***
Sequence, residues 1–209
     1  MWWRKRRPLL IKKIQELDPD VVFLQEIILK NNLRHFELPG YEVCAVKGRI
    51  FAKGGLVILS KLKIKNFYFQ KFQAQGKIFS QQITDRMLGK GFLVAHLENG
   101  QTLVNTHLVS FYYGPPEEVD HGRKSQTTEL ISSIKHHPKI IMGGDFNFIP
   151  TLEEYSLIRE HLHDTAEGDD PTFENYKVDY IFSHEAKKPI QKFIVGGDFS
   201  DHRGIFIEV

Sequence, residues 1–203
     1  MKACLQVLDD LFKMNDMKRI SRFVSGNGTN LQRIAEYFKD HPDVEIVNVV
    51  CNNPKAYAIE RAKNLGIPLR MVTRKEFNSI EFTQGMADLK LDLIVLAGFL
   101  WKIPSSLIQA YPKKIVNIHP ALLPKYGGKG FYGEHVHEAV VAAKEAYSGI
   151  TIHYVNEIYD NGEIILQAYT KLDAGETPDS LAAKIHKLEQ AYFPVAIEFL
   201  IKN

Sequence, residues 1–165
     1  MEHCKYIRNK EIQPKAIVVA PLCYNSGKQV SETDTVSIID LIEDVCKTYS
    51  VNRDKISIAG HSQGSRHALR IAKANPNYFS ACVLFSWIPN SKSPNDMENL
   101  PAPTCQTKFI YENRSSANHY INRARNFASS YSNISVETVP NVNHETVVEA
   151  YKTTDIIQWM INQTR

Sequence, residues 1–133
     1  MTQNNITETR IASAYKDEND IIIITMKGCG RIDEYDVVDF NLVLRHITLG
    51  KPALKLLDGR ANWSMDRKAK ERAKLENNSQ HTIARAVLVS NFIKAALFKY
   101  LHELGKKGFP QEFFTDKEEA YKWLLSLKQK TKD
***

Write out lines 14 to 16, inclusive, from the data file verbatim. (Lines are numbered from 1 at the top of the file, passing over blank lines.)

     1  MEHCKYIRNK EIQPKAIVVA PLCYNSGKQV SETDTVSIID LIEDVCKTYS
    51  VNRDKISIAG HSQGSRHALR IAKANPNYFS ACVLFSWIPN SKSPNDMENL
   101  PAPTCQTKFI YENRSSANHY INRARNFASS YSNISVETVP NVNHETVVEA